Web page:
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Tragedy of The Commons MicroSim

Tragedy of the Commons MicroSim

Run the Tragedy of the Commons MicroSim Edit the MicroSim

About this MicroSim

This MicroSim teaches us the story of the Tragedy of the Commons. As you add more cows to the pasture, the grass gets over-grazed. How many cows can a pasture support before it becomes overgrazed?

Creating a simulation of the "Tragedy of the Commons" is a great way to help students understand the consequences of individual actions on shared resources. The "Tragedy of the Commons" refers to a situation in a shared-resource system where individual users, acting independently according to their own self-interest, behave contrary to the common good of all users by depleting or spoiling the shared resource.

The Tragedy of the Commons is a key Archetype that I use when I teach my systems thinking classes. It is a compelling metaphor whenever there are shared resources in an organization.

We also use the Tragedy of the Commons metaphor to help organizations break down data silos and share data, information and knowledge.

Sample Prompt

Create a simulation of the Tragedy of the Commons.
Sample ChatGPT Dialog


  1. Make the cows go towards the most grass
  2. Make the grass permanently die if it reaches a level of 0
  3. Make the cows die if they don't eat enough grass
  4. Use the cow emoji:
show() {
    text("🐮", this.pos.x, this.pos.y);

Other Extensions

Here's a step-by-step guide on how you could set up such a simulation:

  1. Define the Shared Resource: Start with a shared resource that is easily understandable, such as a fishing lake, a grazing field, or a forest for timber. The resource should have a limit to how much it can be used sustainably.

  2. Create User Profiles: Develop profiles for different users of the resource. These users should have the ability to extract or use the resource at varying rates. For instance, in a fishing lake simulation, each user could decide how many fish to catch per turn.

  3. Set Resource Regeneration Rules: Establish rules for how the resource regenerates over time. For a fish population, you could have a growth rate that depends on the remaining population size.

  4. Develop a User Interface: Create an interface where students can make decisions for their user profile. Include sliders or input fields where they can decide how much of the resource to use each turn.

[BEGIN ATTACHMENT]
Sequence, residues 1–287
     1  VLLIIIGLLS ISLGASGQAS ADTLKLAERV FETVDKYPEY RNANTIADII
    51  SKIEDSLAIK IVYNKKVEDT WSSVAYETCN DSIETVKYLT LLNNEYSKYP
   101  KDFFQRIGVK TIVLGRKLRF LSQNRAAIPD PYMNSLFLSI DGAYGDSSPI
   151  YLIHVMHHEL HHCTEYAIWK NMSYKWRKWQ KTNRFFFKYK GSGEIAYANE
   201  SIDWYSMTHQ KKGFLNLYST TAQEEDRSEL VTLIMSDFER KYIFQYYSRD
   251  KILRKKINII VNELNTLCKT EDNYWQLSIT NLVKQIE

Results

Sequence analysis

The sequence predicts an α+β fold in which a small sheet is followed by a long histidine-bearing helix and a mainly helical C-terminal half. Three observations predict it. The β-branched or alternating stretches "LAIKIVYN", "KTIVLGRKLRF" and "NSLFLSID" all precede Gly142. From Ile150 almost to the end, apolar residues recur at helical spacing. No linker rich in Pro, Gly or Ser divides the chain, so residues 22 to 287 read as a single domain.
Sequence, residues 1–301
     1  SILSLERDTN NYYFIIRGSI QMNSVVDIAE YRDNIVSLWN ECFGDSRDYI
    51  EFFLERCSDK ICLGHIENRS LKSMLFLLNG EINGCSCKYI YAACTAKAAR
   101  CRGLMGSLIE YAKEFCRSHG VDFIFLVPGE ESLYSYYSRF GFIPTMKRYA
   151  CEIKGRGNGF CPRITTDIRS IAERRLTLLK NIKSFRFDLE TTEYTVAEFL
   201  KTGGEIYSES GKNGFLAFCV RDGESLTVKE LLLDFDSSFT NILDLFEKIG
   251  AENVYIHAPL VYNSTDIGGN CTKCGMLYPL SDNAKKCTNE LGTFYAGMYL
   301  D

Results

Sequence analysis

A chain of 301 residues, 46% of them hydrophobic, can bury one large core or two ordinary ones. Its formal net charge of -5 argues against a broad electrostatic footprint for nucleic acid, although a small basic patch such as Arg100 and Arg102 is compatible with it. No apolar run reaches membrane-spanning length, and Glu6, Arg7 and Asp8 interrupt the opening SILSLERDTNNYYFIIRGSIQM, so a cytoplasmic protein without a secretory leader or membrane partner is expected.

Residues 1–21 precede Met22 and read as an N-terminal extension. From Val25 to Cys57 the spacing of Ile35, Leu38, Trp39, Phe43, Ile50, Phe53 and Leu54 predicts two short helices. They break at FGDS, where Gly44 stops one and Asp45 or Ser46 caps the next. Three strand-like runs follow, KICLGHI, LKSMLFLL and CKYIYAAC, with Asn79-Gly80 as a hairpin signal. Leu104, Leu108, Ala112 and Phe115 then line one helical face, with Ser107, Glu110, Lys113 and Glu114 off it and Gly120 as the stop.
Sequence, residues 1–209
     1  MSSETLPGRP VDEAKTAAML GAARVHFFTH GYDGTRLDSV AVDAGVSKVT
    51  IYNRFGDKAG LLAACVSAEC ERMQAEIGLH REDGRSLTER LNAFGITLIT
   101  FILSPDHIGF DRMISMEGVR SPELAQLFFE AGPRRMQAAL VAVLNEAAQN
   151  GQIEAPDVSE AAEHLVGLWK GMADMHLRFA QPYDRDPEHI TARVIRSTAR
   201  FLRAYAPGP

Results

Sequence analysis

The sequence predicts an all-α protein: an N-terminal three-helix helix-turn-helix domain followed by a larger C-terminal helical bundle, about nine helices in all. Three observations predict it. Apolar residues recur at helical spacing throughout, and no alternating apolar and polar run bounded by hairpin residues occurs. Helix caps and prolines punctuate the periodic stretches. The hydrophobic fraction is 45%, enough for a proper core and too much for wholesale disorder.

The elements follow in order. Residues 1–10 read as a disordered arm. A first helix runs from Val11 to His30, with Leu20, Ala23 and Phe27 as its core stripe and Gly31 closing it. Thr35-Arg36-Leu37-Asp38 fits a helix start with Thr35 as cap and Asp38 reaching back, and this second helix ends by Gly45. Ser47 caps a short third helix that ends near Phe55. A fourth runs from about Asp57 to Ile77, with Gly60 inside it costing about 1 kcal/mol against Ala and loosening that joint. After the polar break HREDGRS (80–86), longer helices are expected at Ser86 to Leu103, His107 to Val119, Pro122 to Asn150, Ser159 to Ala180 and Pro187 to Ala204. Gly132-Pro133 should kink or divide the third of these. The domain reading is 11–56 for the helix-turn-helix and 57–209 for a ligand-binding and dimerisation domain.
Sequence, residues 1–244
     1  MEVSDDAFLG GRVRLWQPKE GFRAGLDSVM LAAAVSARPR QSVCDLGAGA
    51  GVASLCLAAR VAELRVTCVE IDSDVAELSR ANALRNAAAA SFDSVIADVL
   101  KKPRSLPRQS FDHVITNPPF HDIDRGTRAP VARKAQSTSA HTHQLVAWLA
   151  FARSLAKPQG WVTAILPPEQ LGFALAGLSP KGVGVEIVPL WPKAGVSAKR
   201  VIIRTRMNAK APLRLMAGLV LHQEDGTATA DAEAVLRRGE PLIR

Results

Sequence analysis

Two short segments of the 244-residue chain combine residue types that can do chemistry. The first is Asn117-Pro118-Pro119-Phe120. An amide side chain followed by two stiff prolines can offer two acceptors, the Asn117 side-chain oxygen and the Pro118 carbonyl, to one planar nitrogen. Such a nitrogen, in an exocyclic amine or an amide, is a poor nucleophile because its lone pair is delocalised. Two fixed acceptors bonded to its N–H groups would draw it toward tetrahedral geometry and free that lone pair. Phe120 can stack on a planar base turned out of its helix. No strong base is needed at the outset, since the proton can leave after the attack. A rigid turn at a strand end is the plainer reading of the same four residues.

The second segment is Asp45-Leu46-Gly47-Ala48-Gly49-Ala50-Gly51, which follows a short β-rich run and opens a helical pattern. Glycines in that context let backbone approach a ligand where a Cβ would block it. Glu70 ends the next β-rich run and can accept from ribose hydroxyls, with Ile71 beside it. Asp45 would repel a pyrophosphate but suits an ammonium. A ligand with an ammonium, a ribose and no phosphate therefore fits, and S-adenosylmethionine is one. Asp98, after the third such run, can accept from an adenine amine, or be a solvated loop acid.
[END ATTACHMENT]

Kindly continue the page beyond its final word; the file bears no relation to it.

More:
5. Implement Feedback Mechanisms: The simulation should provide feedback on the state of the common resource after each round of usage, showing how the resource level changes based on the collective actions of all users.

  6. Introduce Scenarios or Challenges: You could introduce external factors that affect the resource, like environmental changes, to add complexity.

  7. Incorporate Visualizations: Graphs or other visual aids can help students see the long-term trends of the resource level and the impacts of their decisions.

  8. Facilitate Discussion and Debriefing: After the simulation, hold a discussion. Ask students to reflect on how their actions affected the resource and what strategies could have led to more sustainable outcomes.

  9. Draw Connections to Real-world Issues: Relate the simulation to real-world examples of the Tragedy of the Commons, like overfishing, deforestation, and pollution. This helps students understand the practical implications of the concept.

  10. Highlight the Role of Regulations and Agreements: Discuss how regulations, agreements, or cooperative strategies could prevent the tragedy of the commons. This could lead to a deeper understanding of environmental policies and community management strategies.

Through this interactive experience, students can grasp the challenges of managing shared resources and the importance of sustainable practices and cooperation.